Archive for the ‘Eustace’ Category

I wasn’t really going to post anything about the strife in Wisconsin, Ohio, Michigan, and the Middle East. I mean, everything I have opined on the matter is on my Twitter timeline. I’m actually at the top of my Twitter game when there’s a revolution going on. During the Egyptian revolution, an NPR editor or something included me in a Follow Friday re: Egypt/Cairo/Tahrir, which was exciting. In a very vain, pointless, ego-stroking kind of way. But still. Occasionally I have those vain, pointless, ego-stroking moments.

Certain things have bothered me for a while now regarding these protests and revolutions. In no particular order:

Stop saying stupid things like, “In the MidEast, people are dying, and here, teachers don’t want to pay an extra 12%.” That is a bullshit argument and I have no patience for it. I got into an argument with a dude named Atraqchi who’s some kind of Iraq war analyst, a while ago. He’s a HuffPo writer (I know, who isn’t?) and he tried to advance the argument that Muslims in the US shouldn’t donate any money to the Park51 Masjid because Muslims overseas were dying in Baghdad and Pakistan and Sudan and Palestine.

That is straight bullshit. First, you can support both, but that’s not the point I’m trying to make in this context. Yes, it’s true that people are dying in the MidEast while workers across the country protest a crack-down on unions. But making that argument creates a false equivalency and is just plain disingenuous.

In this country, we are lucky enough to know that whatever happens, we will not be gunned down in the street en masse by the army or police. En masse, I said. (RIP, Oscar Grant, and the tens of thousands like you.) If we take to the streets in protest (say, about unions) we know that the President will not order air strikes on us, and we know the police won’t open fire on us as we do nothing but walk the picket line. We know this. Call it a product of American exceptionalism, that we don’t think the same things that happen in other countries can happen here, whatever.

We know this won’t happen here. We’re lucky enough to live in an environment that affords us that kind of security. We’re luckier than a lot of the world’s population. Great. Good for us.

But what we do hold dear and what we do fight for are our rights in this country. Currently, one of those rights is under attack – collective bargaining. You can’t put a price on collective bargaining. Stop trying to raise the 12% number. Just stop. The wealthy in this country have lobbyists (and, well, money). The working and middle class? We have unions. Unions are one of the top donors to the Democratic party for much the same reason, along with plaintiffs’ attorneys. And, of course, two of the things on the GOP agenda? Cracking unions and tort reform. Gee. Shocker.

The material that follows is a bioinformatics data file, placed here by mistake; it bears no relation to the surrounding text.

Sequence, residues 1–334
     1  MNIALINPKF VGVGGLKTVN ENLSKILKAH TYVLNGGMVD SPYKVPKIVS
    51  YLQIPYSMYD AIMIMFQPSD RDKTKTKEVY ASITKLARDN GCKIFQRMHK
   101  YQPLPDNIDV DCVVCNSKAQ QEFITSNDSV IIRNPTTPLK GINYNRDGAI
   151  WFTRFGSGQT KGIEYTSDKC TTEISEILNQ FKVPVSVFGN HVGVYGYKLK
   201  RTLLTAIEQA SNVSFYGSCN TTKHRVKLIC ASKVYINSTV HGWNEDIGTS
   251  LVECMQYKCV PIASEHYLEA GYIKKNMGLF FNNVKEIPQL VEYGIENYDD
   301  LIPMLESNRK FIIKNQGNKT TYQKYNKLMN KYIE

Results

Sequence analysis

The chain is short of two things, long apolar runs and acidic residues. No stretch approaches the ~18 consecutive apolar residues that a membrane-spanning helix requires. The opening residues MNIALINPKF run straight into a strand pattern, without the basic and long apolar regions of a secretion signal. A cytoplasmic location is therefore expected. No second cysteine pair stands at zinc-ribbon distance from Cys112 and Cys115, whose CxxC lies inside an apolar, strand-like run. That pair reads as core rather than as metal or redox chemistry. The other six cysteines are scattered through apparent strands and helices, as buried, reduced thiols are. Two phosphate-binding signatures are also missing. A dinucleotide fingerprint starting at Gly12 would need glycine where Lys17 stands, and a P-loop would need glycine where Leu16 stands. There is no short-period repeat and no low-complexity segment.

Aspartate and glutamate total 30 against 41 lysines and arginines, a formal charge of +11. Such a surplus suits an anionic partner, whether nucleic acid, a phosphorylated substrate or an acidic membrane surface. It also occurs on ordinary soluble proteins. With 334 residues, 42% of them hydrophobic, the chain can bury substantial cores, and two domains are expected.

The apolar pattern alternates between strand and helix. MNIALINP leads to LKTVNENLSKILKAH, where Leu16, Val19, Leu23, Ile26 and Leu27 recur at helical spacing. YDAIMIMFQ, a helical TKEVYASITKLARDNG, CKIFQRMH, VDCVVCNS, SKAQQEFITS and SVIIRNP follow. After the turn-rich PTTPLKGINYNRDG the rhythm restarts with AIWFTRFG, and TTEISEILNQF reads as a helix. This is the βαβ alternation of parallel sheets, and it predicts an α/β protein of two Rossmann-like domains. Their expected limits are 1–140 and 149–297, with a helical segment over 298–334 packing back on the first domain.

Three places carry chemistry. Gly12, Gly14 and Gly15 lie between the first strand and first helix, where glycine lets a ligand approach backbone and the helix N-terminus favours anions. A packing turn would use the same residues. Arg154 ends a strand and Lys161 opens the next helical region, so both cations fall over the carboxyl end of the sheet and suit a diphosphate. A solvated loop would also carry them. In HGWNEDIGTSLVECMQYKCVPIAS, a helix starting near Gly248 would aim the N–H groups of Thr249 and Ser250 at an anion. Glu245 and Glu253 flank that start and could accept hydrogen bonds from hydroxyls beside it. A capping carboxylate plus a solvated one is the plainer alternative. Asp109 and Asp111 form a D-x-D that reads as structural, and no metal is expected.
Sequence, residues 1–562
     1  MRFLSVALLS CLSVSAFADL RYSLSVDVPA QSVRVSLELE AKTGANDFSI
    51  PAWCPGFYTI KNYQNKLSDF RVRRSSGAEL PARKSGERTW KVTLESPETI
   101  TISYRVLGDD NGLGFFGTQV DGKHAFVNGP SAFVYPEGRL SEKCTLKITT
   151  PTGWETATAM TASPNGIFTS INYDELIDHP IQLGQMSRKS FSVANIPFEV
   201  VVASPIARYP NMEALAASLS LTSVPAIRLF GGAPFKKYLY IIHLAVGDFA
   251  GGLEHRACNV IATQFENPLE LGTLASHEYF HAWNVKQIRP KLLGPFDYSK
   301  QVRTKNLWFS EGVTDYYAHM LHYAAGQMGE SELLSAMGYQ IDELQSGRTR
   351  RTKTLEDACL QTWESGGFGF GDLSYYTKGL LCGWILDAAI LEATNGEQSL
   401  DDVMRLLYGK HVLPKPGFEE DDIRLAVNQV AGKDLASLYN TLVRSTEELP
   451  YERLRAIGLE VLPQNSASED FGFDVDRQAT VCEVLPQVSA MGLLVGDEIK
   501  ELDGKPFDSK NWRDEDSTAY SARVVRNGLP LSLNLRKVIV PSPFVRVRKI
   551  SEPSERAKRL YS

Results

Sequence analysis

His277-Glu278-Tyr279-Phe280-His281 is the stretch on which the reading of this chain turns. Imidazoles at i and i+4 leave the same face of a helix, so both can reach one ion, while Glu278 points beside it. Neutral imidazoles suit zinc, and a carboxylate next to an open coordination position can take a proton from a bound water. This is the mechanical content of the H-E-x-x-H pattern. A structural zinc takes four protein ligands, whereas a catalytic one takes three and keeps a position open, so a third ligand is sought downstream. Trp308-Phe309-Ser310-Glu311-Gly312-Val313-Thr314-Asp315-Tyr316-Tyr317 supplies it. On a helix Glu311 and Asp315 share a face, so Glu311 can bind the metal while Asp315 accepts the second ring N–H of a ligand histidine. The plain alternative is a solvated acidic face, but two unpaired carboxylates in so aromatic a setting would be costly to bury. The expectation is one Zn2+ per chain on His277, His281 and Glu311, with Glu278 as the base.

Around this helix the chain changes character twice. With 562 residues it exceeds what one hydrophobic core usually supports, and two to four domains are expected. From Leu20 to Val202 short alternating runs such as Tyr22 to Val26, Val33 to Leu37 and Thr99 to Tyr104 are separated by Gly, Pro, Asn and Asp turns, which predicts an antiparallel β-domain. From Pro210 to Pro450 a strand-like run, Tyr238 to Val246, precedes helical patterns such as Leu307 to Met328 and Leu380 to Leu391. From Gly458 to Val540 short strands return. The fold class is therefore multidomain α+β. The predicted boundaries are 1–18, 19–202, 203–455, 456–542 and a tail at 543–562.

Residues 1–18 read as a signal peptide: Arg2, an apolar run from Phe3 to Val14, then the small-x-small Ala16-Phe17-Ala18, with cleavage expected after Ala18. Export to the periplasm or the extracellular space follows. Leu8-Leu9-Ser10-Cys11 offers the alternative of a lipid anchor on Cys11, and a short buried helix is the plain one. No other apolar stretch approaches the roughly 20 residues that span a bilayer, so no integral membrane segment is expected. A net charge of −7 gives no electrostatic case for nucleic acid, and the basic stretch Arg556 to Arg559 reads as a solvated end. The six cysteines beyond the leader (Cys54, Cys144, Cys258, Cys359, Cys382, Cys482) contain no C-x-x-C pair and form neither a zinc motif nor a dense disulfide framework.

The argument that people in the MidEast is are dying so we are idiots to be upset about a 12% raise is just ludicrous. The contexts and environments are two entirely different things. Yes, they’re fighting for their lives there. Here, we’re lucky to be fighting for our rights, not our lives. And just because people in Libya are being mowed down by Qaddafi’s security forces, we should shut up and sit down and twiddle our thumbs while we have our collective bargaining rights watered down and eventually stripped away?

Unlikely. If you honestly think that, step to the back of the line.

Tear gas in Cairo on Jan 28. Source: Boston.com (click)

And this 12% business is really pissing me off. “Just pay the 12% increase.” I’ve heard this over and over. Um, why? Are we Americans so glued to MSNBC and FOX that we’ve forgotten the very nature of pensions and how they work?! Pensions are not a gift by some kindly employer. Pension funds are PART OF YOUR COMPENSATION FOR THE WORK YOU DO. It is YOUR money. It’s not being given to you by the employer or the government, given at will to be taken at will. It is YOUR entitlement for the work you do. That is how pensions work.

I could go on about this and hash out the economics of it all (my mom has been teaching economics for twenty years – really, I got this, it’s basically all we talk about at the dinner table) but this article says it better than I have time to.